Sunday, June 29, 2014

What Book Are You Reading?

Tis the season to interview teachers,
Fa la la la la, la la la la.

Yup, its that time of year again. Time to sit in the conference room and interview prospective teachers. Individuals who are going to help drive the learning process of what could potentially be generations of students within your building. This is NOT a subject that should be taken lightly.

Having worked almost ten years as an administrator, I've seen it all when it comes to job interviews. I've also learned a lot, like which interview questions have the greatest impact. A couple of years ago, our school division administrators participated in a summer read of Donnalyn Miller's The Book Whisperer. In that book she mentions job interviews and asking prospective teachers, "what book have you read recently"?

After reading her book, I tried this while interviewing a potential language arts teacher. Her response: "I haven't read anything recently. It's summer vacation!" Ironically, if she hadn't answered that single question in the way she had, she would have gotten the job.

To say the least, I now ask this simple question to every single person I interview for teaching positions. I do this for a couple of reasons. First, I do this to avoid hiring people who answer questions in the manner answered above. Second, I often learn something new. The answer to this question may give me insight to the person I'm about to hire. Frankly, I don't necessarily care what someone reads over the summer, as long as they are reading something, and they are passionate about what they share.

In addition, asking someone what they have read recently may also give me a lead on my own next summer read! From interviews, I've learned about Daniel Pink's Drive, about Tony Dungy's Uncommon and about Jim Knight's Instructional Coaching. The information I gained from these books have been worth so much to me.

The next time you are interviewing possible teacher candidates, ask this question. You may take away more from that question than you do from the entire interview!

By the way, I just finished up Janet Evanovich's Top Seceret Twenty-One and I enjoyed EVERY minute of it!

Thursday, June 19, 2014

How Creative Have You Been Lately?

I haven't blogged in awhile. I have several drafts with some really good content, but I've had some serious trouble bringing any of it to fruition...until now.

I was actually looking for some examples of journal article citations to share with my students when I came across an article on the concept of creativity. In the article, Sligte, deDreu, and Nijstad (2011) discuss power, hierarchy and creativity. The authors even go on to say that power and creativity can be closely related to stability in life.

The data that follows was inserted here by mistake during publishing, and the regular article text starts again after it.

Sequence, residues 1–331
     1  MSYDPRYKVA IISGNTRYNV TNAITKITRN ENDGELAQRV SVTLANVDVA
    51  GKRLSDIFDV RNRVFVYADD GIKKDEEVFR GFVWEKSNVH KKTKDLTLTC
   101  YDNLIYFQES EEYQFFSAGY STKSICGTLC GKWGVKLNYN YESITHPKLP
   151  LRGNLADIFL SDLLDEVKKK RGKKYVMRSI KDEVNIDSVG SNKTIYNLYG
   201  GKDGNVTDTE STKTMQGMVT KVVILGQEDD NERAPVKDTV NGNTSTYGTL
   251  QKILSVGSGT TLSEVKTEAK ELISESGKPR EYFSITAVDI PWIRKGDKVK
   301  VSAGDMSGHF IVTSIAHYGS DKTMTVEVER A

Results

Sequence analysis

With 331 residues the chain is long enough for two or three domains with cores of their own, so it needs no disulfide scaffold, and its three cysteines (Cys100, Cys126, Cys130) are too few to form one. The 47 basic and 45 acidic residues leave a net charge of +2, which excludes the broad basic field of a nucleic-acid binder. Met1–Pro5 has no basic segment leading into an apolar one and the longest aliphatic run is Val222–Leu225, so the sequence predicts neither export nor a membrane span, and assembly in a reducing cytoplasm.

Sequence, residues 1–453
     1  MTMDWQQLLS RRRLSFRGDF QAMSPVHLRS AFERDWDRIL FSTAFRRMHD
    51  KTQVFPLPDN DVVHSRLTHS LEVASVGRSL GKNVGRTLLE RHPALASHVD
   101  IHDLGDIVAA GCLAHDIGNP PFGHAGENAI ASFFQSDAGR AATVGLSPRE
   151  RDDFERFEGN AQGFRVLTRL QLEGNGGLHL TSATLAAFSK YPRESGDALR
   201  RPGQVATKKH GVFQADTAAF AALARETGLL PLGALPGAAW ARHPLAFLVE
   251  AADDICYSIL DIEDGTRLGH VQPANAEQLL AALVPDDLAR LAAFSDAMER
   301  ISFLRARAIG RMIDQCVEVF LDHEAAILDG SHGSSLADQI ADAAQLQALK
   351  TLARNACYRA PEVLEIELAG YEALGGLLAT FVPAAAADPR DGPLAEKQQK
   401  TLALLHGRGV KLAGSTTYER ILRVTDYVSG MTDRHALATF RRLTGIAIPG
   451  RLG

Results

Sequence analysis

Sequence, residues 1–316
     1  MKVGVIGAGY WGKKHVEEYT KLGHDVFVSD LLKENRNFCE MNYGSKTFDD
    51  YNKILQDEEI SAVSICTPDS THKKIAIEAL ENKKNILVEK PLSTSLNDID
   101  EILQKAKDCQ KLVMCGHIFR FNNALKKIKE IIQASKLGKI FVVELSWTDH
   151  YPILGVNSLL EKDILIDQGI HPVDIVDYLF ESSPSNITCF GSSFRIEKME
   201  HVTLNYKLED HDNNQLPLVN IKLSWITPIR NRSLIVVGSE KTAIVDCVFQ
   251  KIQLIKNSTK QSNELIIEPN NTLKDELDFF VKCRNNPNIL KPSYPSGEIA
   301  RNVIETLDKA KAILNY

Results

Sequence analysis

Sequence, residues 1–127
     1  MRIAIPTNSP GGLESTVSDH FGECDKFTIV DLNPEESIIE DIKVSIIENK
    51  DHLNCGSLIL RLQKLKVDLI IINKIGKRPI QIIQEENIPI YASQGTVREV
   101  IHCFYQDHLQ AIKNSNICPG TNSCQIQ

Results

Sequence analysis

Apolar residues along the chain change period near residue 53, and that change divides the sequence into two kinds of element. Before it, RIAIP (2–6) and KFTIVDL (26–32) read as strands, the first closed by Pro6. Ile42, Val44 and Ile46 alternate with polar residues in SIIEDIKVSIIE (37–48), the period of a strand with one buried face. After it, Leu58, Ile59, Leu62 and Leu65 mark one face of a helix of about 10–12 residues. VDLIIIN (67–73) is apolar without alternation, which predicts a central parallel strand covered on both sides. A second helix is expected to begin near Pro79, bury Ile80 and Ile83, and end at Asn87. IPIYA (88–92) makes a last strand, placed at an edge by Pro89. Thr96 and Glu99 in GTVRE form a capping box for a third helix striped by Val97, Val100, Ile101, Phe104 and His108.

I think about how unstable educators' lives are in the final weeks of the school year. Gone is the structure of the school day. At the end of the year, regular bell schedules and class periods give way to standardized testing, modified schedules, field days, yearbook signing parties, and awards assemblies. In addition, time must be spent on completing professional growth goals and performance evaluations.

The toll these final weeks take are not limited to the educator's state of mind. Laundry piles up, grocery lists get longer and longer, and weekends become extensions of the workweek. An even larger part of our existence gets engulfed by the profession we are so passionate about. At the end of the twelve, thirteen, or fourteen-hour frenzied days, there is very little room for creativity. Ironically, this tends to be the time of year we often ask teachers to be the most creative in their teaching and learning. 

Have you ever looked at Maslow's "Hierarchy of Needs" pyramid? Simply Psychology has a article which discusses Maslow in more detail in case you aren't familiar with the pyramid. There is even a picture of the pyramid. Basically, the concept of Maslow's Hierarchy is that you need to satisfy certain basic needs before you are able to even think about more complex things. By the way, according to the picture on the website, and to Sligte, deDreu, and Nijstad (2011), creativity is at the top of the pyramid. No wonder I haven't had the creative juices to blog! I haven't done a great job of meeting my own basic needs recently. 

This is the first evening in a LONG while when I have been able to sit down in my favorite chair with my cat in my lap, and write about something that I am passionate about. So, the next time you find yourself discouraged about the work your teachers or students are producing, take a moment to put yourself in their shoes. Are they truly in a position to be creative? If not, how can you foster that creativity that is so essential to promote good teaching and learning? 

Sligte, D. (2011). Power, stability of power, and creativity. Journal of Experimental Social Psychology, (5), 891-897.